There has been a tendency when looking at anti-gender funding to position Europe as a put-upon victim of malign forces in the US and Russia. This is wholly inaccurate. When it comes to raising money to ban abortion, Europe is doing quite well on its own, thank you very much! As founder and director of the European Parliamentary Forum for Sexual and Reproductive Rights Neil Datta told me, ‘The anti-gender movement is very much a domestic phenomenon. Americans have a distinct role. But it’s not just a foreign intrusion on innocent Europeans who would otherwise be nicely progressive.’
Out of $702 million spent by fifty-four organisations on anti-gender movements between 2009 and 2018, a total of $437 million originated within Europe, according to research carried out by Datta. Those funders include religious foundations, economic elites such as wealthy businesspeople, and foundations established by aristocrats. Because this is Europe, those aristocrats descend from the families who once ruled the region – from the Habsburg dynasty to the descendants of the German Kaiser. They meet at Agenda Europe summits and at the annual World Congress of Families; they have offices within the political decision-making centres of the region such as Brussels and Geneva; and they fund anti-gender political parties, activists, public-facing campaigns, and legal cases.
At the heart of Europe’s anti-gender movement is CitizenGO, an organisation that is networked with US, Latin American, and African organisations as well as within Europe. Understanding the financial backers of CitizenGO can help us map the money men and women in the region, due to the campaigning organisation’s connections to Agenda Europe, Spain’s far-right Vox party, the One of Us Initiative, and influential anti-gender actors such as Brian Brown and Alexey Komov at the World Congress of Families.
Combined with Hazte Oir, CitizenGO spent a total of $32.7 million on its anti-gender activism in Europe between 2009 and 2018. Its publicity claims that it is ‘completely financed by small online donations arranged by thousands of citizens from all over the world’. In 2021 it raised $4.9 million from donors – nearly double its 2019 revenue of $2.7 million. Founder Ignacio Arsuaga has always said neither Hazte Oir nor CitizenGO get funding from US groups as ‘99% of HazteOir’s €1.9 million ($2.5 million) annual budget comes from donations from Spanish citizens. CitizenGO has been raising €30,000 to €40,000 (roughly $40,000 to $55,000) each month from the 1.2 million members it’s signed up worldwide since its October launch.’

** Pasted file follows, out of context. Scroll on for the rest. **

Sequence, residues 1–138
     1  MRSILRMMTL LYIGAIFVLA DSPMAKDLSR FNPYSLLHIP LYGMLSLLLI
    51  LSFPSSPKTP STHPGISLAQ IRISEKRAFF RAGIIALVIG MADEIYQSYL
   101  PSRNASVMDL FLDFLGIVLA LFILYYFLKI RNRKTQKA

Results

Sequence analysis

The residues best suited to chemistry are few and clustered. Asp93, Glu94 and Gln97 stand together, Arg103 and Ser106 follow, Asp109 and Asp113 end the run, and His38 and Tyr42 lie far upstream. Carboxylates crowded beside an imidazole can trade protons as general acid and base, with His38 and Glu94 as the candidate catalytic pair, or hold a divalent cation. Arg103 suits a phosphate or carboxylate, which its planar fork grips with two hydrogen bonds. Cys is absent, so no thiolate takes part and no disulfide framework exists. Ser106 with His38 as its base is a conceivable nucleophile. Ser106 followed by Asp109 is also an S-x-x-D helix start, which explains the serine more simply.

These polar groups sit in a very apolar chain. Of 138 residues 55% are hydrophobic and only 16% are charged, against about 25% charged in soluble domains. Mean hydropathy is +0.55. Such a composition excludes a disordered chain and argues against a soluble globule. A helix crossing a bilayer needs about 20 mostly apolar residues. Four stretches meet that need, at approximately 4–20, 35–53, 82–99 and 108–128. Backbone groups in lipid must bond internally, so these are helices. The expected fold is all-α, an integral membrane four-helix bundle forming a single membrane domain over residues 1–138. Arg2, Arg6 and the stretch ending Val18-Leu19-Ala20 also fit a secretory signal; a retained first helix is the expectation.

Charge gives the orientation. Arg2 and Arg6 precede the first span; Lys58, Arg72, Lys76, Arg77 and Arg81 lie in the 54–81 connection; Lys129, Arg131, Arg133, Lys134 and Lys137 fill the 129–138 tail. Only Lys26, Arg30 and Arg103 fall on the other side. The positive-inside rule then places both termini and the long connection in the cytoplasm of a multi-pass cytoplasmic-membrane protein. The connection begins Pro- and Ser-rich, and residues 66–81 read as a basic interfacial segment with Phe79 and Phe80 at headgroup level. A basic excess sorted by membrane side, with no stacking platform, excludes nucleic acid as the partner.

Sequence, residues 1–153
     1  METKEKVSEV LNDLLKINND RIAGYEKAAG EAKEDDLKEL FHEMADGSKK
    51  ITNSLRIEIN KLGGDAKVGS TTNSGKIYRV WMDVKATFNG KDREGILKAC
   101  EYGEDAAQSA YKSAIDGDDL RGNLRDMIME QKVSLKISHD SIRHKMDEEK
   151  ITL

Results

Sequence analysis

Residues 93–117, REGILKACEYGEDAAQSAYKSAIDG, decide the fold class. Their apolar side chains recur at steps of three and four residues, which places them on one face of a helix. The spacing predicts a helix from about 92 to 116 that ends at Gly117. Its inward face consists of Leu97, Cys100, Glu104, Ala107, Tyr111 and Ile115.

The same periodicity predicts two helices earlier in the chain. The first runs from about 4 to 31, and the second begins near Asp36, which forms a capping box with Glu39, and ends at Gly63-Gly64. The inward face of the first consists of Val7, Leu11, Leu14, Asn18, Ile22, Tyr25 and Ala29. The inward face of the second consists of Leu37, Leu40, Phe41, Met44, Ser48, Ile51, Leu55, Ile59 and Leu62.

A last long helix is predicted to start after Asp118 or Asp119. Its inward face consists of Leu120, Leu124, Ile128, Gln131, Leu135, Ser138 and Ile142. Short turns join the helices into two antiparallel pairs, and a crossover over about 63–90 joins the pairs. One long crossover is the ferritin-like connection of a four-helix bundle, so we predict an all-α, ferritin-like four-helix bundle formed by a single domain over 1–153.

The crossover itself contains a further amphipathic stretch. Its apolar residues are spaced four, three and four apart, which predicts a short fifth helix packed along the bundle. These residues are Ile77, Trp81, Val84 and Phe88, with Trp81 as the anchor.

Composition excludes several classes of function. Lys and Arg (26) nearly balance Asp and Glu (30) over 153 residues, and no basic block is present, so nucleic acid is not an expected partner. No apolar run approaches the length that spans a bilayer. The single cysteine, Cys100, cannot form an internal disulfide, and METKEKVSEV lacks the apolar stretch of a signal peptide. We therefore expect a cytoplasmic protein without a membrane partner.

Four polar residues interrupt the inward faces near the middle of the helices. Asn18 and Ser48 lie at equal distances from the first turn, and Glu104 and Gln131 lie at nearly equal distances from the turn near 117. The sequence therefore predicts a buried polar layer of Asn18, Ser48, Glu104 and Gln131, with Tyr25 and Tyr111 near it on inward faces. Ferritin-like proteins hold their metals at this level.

This insistence from CitizenGO that it is funded by the grass roots is crucial to its campaigning strategy, and to our understanding of how far-right objections to abortion move into the mainstream. First, the idea that the anti-abortion movement is funded by €5 gifts from humble supporters taps into the Agenda Europe strategy of positioning the anti-gender movement as David to Abortion Industry TM’s Goliath – with the latter presented as a well-funded satanic behemoth set to crush the wishes of its good, God-fearing opponents.
Second, by pointing to thousands if not millions of small individual donations, CitizenGO can claim to represent the silent majority, arguing that opposition to abortion and LGBTIQ rights is the mainstream view being ignored by pro-abortion elites in the European Union and/or national governments.
CitizenGO also, however, benefits from elite donations. While it is true that it receives many individual gifts from the public, it has also been supported by major donations from wealthy and influential businesspeople. A leaked document revealed that Eulen’s David Alvarez donated €20,000, while Isidoro Alvarez, founder of El Corte Ingles, and businesswoman Esther Koplowitz gave €10,000 each. Data collected by Neil Datta revealed how Juan-Miguel Villar Mir, a member of the fifth-wealthiest family in Spain, is a backer; he also lists Jose Luis Bonet Ferrer, from the family behind the Cava brand Freixenet.
What’s more, far from growing from the grass roots, research published by Neil Datta in a report titled Tip of the Iceberg exposed how CitizenGO raised seed money worth up to $600,000 from ‘generous entrepreneurs and citizens’ support’. ‘To set up the technological infrastructure to have CitizenGO, that took a certain amount of money to pay for that,’ Datta explained during our chat. ‘You need first the technological infrastructure to start generating these petitions and then you can start hoovering in the money.’